Research reveals the importance of effective teacher questioning and highlights the role that such questioning plays in the development of students’ mathematical reasoning (Klinzing, Klinzing-Eurich & Tisher, 1985; Martino & Maher, 1999). Questioning can serve as a springboard for further discussion, elaboration of incomplete thought, and can serve to elicit in students a greater conceptual understanding of the mathematical problems at hand. Responses of students from teacher questioning can offer to teachers a glimpse into the mathematical thinking of the students that may not be apparent otherwise. Not only may might it help the teacher estimate students’ understanding of the concept being discussed, but it may also provide the teacher with a better understanding of the students’ thought processes, judgment, concerns, or hesitations when coming up with solutions to open-ended mathematical problems. Modeling of good questions may also have a positive effect on the students. One outcome is that students may come to imitate similar ways of questioning when interacting with peers and also when working on their own. By asking students for explanations of their work or for further clarification, or by asking students how they would convince their peers of their solutions, teachers may stimulate students to initiate such discussions on their own or prompt them to formulate cogent justifications and reasoning. Such probing by teachers may also result in students’ posing these questions to themselves, which in turn could help clarify the solutions in their minds before presenting their ideas to others. It also helps to establish the norms and expectations of the classroom community.

The events in this series of analytics are culled from the sessions conducted as part of the longitudinal/cross sectional research study of the development of students’ mathematical thinking and reasoning conducted at Rutgers University that spanned over twenty-five years (Maher, 2010). They highlight events that occurred during sessions conducted in urban, working class, and suburban settings, across a large range of age levels, by a variety of researchers, and amongst a number of content domains. They showcase discourse that occurred during classroom settings as well as informal learning environments.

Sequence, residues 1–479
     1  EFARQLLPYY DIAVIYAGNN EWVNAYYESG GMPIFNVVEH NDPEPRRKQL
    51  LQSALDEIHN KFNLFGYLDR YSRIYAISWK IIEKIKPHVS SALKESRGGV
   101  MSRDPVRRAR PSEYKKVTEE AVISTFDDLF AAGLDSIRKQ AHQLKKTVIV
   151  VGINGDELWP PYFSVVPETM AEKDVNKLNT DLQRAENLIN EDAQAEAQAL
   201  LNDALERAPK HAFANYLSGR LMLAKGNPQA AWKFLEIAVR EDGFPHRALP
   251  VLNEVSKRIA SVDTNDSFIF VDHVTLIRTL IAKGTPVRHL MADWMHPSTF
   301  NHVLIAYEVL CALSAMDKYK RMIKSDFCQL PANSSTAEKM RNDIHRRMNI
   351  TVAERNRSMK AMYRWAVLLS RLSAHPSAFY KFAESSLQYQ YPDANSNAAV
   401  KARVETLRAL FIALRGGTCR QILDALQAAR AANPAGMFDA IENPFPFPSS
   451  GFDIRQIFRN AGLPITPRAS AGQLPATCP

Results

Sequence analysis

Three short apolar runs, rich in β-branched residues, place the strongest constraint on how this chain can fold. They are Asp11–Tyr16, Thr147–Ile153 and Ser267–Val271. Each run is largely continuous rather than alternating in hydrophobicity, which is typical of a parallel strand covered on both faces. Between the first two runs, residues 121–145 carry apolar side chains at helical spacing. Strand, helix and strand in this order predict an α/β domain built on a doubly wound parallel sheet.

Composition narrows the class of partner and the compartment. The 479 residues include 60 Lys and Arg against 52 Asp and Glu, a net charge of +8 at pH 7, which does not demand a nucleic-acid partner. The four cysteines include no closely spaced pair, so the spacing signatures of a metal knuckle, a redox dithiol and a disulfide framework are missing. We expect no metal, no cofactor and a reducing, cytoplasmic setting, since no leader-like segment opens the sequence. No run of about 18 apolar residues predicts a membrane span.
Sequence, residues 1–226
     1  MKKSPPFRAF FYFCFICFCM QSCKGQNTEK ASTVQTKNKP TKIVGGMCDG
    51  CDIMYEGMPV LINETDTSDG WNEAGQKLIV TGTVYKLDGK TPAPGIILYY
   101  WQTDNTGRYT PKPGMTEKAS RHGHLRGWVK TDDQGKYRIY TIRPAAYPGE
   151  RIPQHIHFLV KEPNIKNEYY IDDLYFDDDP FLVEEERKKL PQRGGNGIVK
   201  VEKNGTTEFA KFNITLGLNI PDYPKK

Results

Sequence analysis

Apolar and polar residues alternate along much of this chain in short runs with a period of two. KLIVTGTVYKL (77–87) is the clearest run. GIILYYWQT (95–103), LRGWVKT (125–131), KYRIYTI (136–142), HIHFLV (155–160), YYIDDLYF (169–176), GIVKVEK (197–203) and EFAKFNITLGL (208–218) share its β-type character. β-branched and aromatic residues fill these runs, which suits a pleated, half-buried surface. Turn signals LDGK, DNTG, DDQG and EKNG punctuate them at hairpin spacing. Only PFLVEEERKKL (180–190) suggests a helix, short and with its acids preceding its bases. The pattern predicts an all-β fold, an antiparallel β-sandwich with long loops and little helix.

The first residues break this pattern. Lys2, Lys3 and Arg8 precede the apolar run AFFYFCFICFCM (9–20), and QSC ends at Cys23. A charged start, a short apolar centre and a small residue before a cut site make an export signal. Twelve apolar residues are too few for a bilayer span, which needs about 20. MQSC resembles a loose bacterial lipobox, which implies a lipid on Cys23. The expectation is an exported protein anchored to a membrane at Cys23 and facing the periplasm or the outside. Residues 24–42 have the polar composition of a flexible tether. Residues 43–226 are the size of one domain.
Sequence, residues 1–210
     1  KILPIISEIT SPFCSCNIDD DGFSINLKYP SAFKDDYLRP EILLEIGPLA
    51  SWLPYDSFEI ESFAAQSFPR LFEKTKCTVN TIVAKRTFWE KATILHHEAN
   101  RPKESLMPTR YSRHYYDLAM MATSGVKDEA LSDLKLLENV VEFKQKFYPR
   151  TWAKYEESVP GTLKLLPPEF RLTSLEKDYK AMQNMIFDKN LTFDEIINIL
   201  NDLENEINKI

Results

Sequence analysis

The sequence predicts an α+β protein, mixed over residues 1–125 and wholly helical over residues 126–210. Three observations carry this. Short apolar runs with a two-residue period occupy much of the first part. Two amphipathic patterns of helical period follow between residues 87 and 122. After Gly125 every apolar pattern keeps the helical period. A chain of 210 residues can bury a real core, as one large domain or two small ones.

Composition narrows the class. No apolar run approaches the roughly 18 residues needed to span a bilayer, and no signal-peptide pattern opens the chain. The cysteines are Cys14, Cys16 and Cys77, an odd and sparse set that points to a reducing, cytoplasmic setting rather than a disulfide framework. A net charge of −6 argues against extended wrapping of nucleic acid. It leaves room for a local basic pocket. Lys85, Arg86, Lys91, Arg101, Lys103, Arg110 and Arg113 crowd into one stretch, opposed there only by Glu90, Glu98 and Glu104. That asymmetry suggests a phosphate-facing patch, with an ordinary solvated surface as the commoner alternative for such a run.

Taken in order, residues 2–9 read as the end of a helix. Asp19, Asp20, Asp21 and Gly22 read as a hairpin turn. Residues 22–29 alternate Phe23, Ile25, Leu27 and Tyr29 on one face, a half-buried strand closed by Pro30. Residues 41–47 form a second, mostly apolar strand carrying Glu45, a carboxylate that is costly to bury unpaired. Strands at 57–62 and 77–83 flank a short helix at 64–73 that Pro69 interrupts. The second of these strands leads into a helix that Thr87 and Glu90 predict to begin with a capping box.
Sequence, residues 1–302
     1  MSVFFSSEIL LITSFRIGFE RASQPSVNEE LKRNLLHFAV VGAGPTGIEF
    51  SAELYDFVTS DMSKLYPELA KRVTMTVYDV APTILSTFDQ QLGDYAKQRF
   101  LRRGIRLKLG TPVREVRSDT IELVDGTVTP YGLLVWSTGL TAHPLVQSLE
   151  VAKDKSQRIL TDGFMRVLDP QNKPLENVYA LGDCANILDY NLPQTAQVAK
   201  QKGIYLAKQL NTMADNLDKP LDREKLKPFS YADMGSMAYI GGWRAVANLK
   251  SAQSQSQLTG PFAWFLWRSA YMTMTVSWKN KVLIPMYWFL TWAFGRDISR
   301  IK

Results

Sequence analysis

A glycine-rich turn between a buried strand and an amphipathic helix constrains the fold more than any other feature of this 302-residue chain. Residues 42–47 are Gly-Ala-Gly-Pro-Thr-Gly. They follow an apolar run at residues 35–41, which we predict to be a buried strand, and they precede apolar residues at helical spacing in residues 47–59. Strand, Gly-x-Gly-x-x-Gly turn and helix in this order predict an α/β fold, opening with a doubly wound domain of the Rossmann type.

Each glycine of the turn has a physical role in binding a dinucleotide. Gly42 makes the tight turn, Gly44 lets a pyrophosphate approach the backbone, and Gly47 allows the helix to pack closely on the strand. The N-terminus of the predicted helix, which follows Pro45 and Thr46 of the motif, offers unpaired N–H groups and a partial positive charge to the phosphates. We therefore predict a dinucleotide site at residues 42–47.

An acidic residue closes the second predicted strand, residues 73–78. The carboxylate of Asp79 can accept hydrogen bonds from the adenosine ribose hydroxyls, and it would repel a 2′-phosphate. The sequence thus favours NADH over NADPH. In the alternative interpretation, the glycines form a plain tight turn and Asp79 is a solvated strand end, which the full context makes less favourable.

This series shows how different types of questioning illustrated in the videos were associated with the production of students’ arguments, forms of reasoning, and making connections to structurally equivalent problem tasks. During these representative sessions conducted by Researchers Carolyn Maher, Amy Martino, Robert Davis, and Arthur Powell, several varied forms of questioning are noted. The questioning techniques employed by researchers were associated with ways the students formulated their solutions, extended their reasoning, made connections, or otherwise enhanced or refined their solutions. These questions and discourse moves often invited students to build proof-like justifications. Specifically, probing questions, eliciting questions, and questions that encouraged student engagement seemed to be especially effective in providing opportunity for students to express higher-order thinking and reasoning. A complete discussion of the classification of teacher questioning during these and other sessions as well as a description of the association between researcher question and student argumentation, justification, and reasoning can be found in the “Interplay between teacher questioning and student reasoning” (Gerstein, 2017).

This analytic looks primarily at probing questions that were posed by the researcher that invited the student to make connections. Probing questions are questions that elicit student answers past their initial replies. Often the researchers asked a probing sequence of questions (Franke et al. 2009) or a string of probing questions. These questions were often used to enable students to see the error in their statement or to help them enhance their explanations. They often consisted of a series of more than two related questions about something specific that a student said and included multiple teacher questions and multiple student responses.

Probing questions include elucidating questions that were used to clarify a student response. The teacher used these questions to query a student about what he or she meant and to allow the student to elaborate on what he or she had said.

It also includes redirecting questions where the researcher asked the students to consider analyzing the initial question further and consider the implications of the response and how it would relate to other solutions or statements. This type of questioning invites a student to “fold back,” an element of Pirie and Kieren’s theory for the dynamical growth of mathematical understanding and its associated model (Kieren, Pirie, & Gordon Calvert, 1999; Martin & Pirie, 2003; Pirie & Kieren, 1994). Folding back is considered by some to be the “central key construct” of the model (Martin, 2008). Pirie and Kieren (1991) define folding back as

A person functioning at an outer level of understanding when challenged may invoke or fold back to inner, perhaps more specific local or intuitive understandings. This returned to inner level activity is not the same as the original activity at that level. It is now stimulated and guided by outer level knowing. The metaphor of folding back is intended to carry with it notions of superimposing ones current understanding on an earlier understanding, and the idea that understanding is somehow ‘thicker’ when inner levels are revisited. This folding back allows for the reconstruction and elaboration of inner level understanding to support and lead to new outer level understanding. (p. 172)